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The following resolution, SCR 37, was developed at the Intertribal Wordpath Society to help protect Indian languages. Thanks to the strong support of Senators Ted Fisher and Cal Hobson, and representatives Opio Toure, Kenneth Corn, and Bill Nations, the resolution unanimously.

Oklahoma Indian Language Heritage Protection Act (draft)
Senate Concurrent Resolution, By Ted Fisher, Cal Hobson (Senate);
Opio Toure, Kenneth Corn, Bill Nations (House)

AS INTRODUCED

A Concurrent Resolution endorsing the Native American Language Act of 1990; encouraging the teaching and learning of Native American languages; opposing artificial barriers to teaching and learning Native American languages; urging measures to foster respect for Native American languages; and directing distribution.

WHEREAS, the Native American Language Act of 1990 (Public Law 101-477) enunciates the policy of the United States government to "preserve, protect, and promote the rights and freedom of Native Americans to use, practice, and develop Native American languages"; and

WHEREAS, the state of Oklahoma is home to 39 tribes, members of which still speak 25 Native American languages. Until recently, Oklahoma had more Native American citizens than any other state. Their histories, cultures and languages together comprise a unique heritage that helps make our state great; and

WHEREAS, Native American history, culture, and language are so interrelated that when a language dies, it takes with it literature, oral history, song, and other important aspects of Native American cultural heritage. The pressures of modern American culture as expressed in television, radio, education, and public life have steadily decreased the attention paid to Indian languages by some Oklahomans; and

WHEREAS, our state values its great diversity of culture, as evidenced by our slogan "Oklahoma ­Native America." Native American languages are just as sophisticated and just as enriching to the lives of their speakers as are other languages; and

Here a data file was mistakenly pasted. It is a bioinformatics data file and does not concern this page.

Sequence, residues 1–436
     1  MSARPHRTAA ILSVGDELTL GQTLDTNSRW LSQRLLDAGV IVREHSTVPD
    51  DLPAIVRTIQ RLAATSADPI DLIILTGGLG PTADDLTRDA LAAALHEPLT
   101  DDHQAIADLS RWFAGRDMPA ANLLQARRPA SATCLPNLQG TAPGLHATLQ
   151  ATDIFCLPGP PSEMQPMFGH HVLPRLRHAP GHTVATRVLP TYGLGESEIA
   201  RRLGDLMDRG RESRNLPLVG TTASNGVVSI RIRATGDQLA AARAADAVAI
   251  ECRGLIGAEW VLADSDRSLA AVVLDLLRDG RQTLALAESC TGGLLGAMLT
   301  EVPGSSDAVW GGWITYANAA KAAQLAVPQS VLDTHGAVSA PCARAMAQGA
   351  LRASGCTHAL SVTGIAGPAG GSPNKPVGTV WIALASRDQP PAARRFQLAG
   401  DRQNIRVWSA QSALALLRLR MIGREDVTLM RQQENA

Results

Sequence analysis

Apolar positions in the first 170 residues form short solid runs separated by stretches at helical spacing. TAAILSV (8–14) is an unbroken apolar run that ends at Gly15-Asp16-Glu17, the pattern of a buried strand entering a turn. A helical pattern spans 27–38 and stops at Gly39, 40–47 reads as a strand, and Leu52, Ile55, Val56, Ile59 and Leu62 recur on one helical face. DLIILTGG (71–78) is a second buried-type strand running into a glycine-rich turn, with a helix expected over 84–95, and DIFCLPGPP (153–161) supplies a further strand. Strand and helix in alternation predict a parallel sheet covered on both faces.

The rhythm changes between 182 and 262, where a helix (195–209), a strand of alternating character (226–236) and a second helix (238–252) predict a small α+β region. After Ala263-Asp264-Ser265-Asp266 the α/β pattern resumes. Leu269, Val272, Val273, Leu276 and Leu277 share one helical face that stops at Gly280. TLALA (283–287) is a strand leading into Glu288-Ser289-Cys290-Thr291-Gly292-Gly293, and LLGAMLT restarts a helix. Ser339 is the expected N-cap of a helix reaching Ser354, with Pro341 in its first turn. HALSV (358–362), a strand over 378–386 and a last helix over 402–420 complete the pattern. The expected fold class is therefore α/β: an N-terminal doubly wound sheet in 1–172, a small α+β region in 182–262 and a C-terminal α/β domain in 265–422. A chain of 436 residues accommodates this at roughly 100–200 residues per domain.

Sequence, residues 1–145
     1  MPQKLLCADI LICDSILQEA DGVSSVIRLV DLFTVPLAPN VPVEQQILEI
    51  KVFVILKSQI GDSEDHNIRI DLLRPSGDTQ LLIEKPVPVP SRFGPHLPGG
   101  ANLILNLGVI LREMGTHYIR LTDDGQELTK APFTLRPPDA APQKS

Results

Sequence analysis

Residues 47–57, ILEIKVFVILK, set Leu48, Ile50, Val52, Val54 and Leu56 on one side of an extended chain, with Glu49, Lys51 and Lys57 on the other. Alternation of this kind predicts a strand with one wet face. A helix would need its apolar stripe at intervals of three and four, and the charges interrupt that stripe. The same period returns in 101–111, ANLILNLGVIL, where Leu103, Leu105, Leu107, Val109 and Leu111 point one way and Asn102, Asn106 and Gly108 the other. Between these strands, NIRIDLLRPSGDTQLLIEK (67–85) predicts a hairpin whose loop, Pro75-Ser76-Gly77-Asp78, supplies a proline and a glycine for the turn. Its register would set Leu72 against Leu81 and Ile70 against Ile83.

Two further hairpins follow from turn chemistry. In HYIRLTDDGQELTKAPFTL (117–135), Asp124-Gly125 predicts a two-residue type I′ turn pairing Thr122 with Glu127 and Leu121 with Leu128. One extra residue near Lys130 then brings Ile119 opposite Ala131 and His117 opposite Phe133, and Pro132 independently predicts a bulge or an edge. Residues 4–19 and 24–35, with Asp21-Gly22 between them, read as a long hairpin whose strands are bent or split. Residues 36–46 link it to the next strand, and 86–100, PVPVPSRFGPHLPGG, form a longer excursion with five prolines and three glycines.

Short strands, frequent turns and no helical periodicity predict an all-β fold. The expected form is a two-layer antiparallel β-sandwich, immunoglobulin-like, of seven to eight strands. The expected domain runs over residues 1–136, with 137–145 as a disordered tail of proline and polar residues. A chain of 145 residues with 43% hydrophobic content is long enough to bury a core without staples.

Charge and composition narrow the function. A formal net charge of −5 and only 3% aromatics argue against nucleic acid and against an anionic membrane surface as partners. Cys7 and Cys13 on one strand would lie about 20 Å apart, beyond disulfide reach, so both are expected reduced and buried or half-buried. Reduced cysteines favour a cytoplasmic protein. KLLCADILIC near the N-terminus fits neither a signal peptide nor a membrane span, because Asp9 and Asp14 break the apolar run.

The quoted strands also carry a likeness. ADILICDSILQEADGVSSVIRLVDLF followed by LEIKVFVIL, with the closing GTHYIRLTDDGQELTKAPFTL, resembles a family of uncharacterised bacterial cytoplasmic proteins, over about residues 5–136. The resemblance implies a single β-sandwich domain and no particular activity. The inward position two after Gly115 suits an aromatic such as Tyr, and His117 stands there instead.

WHEREAS, linguistic and pedagogical study have demonstrated that the cherishing of a people's language of heritage in no way threatens the status of the common language of most Oklahomans and of public discourse in Oklahoma; and

WHEREAS, one-third of all Oklahoma Native American languages have already become extinct in our state, and the remaining ones are endangered; and

WHEREAS, the state of Oklahoma takes pride in the history and culture of Native American people as expressed in their traditional languages and considers those languages a treasured part of the heritage of our state and of the individual tribes of our state; and

WHEREAS, the state of Oklahoma seeks to preserve, protect, and promote our Native American language heritage.

NOW, THEREFORE BE IT RESOLVED BY THE SENATE OF THE 1ST SESSION OF THE 48TH OKLAHOMA LEGISLATURE, THE HOUSE OF REPRESENTATIVES CONCURRING THEREIN:

THAT the Oklahoma State Legislature endorses and supports the policy of the United States government enunciated in the Native American Language Act of 1990 to "preserve, promote the rights and freedom of Native Americans to use, practice and develop Native American languages."

THAT the Oklahoma State Legislature encourages the teaching and learning of Native American languages at all levels of instruction.

THAT the Oklahoma State Legislature opposes artificial barriers to the instruction or learning of Native American languages and encourages all education authorities to take all appropriate steps to promote and encourage the instruction and learning of Native American languages.

THAT the Oklahoma State Legislature urges the Superintendent of Public Instruction to take appropriate measures to foster respect for Native American languages and to vigilantly address any situations that may occur where proper respect for Native American languages is not provided.

THAT a copy of this resolution be distributed to the Superintendent of Public Instruction and the Executive Director of the Intertribal Wordpath Society.

 


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